One Last Reason to Smile

On Friday, my aunt sent an update to our family group on Facebook that my grandpa’s most recent stay in the hospital had taken a turn for the worse.

I immediately decided that I should visit. I didn’t know if HOS would want to be in that situation – hospitals, sick grandpa, etc. I can see how that would be uncomfortable for someone new to our clan. The big question was whether or not to take Charlotte.

My sister called and we planned a trip for Sunday, but after talking things over with HOS, I decided that Charli would be a welcome distraction for my grandma. And HOS wanted to come along. So, I told my sister we decided to go up yesterday – Saturday.

The trip is about five hours without stops. During the drive, I thought about my memories of my grandpa and all the things I wanted to share with Charlotte. I thought about what I would write in this post after the visit.

We arrived at the hospital shortly after 4:30 in the afternoon. We talked to some of the family who was there visiting, but leaving for Mass. And then we went in to see grandpa.

He seemed so uncomfortable, and reminded me so much of my mom when she lay dying in her home hospice bed. The room even smelled the same. I felt somewhat claustrophobic, but I wanted to be there. I wanted him to see me and Charlotte.

Grandpa woke up. He talked to us and recognized all the visitors. He teased Charlotte, growling and smiling at her. She tossed her toy at him and he picked it up and shook it at her.

I couldn’t have asked for a better visit.

The nurses came in and asked us to leave so they could move him and change his bandages.

It wasn’t five minutes later that an alarm went off, and a nurse asked my grandma the hardest question I could ever imagine – Do you want us to so CPR?

We all stood in shock, and the. Broke down in tears.

My precious, loving grandma had never looked so frail and so broken. After 59 happy years of marriage, she had to honor her husband’s wishes. She had to let him go, completely and utterly unprepared to do so.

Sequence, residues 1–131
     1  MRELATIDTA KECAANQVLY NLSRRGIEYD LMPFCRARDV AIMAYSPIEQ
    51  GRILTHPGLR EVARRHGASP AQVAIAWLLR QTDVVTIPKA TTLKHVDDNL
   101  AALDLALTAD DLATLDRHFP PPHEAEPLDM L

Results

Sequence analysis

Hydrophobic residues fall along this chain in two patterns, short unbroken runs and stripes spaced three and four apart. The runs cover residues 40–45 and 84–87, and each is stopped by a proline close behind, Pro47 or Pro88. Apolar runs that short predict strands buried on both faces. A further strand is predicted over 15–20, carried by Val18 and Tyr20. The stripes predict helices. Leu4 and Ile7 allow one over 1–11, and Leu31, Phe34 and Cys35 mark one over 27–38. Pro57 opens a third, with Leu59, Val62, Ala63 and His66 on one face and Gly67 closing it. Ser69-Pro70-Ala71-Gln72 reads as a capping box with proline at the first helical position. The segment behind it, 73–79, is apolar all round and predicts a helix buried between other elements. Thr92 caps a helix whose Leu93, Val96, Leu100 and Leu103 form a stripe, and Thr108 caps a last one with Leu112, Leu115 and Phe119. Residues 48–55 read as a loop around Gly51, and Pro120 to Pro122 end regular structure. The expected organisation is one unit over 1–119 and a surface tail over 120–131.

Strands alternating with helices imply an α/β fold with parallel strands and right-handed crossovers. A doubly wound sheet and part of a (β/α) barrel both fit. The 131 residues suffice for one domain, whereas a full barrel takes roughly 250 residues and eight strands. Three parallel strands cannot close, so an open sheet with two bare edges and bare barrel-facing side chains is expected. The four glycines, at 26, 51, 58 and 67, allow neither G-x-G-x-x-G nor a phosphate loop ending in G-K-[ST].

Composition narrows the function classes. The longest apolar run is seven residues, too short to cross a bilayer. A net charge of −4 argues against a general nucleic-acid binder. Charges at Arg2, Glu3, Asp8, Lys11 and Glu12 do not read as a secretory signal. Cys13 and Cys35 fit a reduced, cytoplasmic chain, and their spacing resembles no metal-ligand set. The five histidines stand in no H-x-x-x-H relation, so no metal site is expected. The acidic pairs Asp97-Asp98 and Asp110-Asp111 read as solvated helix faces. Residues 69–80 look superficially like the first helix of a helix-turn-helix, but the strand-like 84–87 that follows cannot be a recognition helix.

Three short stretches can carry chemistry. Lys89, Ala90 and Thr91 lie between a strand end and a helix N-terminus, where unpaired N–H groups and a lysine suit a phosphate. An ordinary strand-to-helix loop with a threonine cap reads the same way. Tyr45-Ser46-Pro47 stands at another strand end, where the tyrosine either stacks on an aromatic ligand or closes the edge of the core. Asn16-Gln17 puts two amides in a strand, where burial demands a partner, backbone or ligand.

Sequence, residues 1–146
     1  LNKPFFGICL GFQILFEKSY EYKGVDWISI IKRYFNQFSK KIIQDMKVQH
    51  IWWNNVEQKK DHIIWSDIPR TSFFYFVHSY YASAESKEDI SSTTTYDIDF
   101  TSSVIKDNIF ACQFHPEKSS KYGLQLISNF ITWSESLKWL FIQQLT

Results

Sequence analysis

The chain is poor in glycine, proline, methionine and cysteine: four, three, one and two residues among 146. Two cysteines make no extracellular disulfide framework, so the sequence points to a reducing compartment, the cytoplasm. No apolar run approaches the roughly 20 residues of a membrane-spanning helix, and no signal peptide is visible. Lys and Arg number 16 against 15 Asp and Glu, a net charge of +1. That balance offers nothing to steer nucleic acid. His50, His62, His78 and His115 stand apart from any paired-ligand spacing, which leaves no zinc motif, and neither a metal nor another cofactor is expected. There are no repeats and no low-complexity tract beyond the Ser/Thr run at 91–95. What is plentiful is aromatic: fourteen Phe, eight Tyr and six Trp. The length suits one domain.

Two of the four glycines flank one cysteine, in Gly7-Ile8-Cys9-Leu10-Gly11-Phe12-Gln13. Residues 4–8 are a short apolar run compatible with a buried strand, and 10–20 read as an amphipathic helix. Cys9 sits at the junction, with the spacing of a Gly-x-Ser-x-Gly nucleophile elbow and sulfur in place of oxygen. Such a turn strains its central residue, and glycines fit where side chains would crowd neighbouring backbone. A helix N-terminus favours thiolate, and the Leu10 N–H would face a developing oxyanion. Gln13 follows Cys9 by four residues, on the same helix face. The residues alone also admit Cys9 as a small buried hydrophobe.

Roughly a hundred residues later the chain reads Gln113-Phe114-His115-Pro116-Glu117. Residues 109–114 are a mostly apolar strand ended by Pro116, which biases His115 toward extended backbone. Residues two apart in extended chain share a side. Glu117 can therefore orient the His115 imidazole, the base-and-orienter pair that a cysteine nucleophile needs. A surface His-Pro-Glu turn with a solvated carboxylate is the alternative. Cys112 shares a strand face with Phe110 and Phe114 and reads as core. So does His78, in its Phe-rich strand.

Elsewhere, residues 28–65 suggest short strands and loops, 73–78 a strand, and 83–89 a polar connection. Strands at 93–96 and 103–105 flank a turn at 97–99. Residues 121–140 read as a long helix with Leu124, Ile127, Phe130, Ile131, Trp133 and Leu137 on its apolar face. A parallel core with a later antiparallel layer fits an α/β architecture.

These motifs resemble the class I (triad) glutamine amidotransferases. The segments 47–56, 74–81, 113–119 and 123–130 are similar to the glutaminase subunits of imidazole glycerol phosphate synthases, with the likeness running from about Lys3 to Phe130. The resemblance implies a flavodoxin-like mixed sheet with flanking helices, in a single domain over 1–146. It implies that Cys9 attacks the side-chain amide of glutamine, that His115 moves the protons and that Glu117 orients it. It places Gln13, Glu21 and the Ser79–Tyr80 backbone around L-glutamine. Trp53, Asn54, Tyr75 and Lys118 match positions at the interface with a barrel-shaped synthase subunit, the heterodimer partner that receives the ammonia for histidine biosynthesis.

The next week will be filled with tears for the loss of a loved one and smiles for the wonderful memories. We will be strong and weak, hopeful and sad.

Above all else, we will still be a family created by an amazing man and his loving wife.

HOS made a comment that he was so happy that we and Charli were there to make his last moments happy. He just wished she would remember. She’s too young, but she’ll always know that she was one of the last things to make him smile before he went to join his daughters – my mom and my aunt – in Heaven.

Seven Years

Today is the 7-year anniversary of the day my mom died. She was only 51 years old.

Mom was diagnosed with pancreatic cancer in early September 2005. She lived just three short months after her diagnosis. I used to think that was so hard. We had just three months to fight. Just three months to pray. Just three months to prepare.

I’ve learned a lot since then. I’ve seen my close friends watch their loved ones battle cancer for years. My friends had to watch their parents suffer through so much pain for so, so long. I’ve also lost people quickly and unexpectedly. There is no good time frameĀ for losing someone whom you love. There is just the time that we’re given.

This year has been a little harder because I have Charlotte now. Sometimes I imagine my mom holding her, rocking her. I imagine them playing together and Charlotte smiling up into her grandma’s face. I know it’s silly to dream about the impossible, but it doesn’t stop me.

Seven years without my mom. It’s really hard to fathom.

I lean on my belief that she simply moved. Instead of standing next to me, she now lives in my heart. And since she is still in my heart, I can share her love with Charli. I know that my mom will be a part of Charlotte’s life even if she isn’t physically present.

Each year that passes I’ll feel the same – Wow, 8 years, 9 years, 10 years without her. No matter how many years I go by, I’ll still have 18 years before she passed. Those were some good years.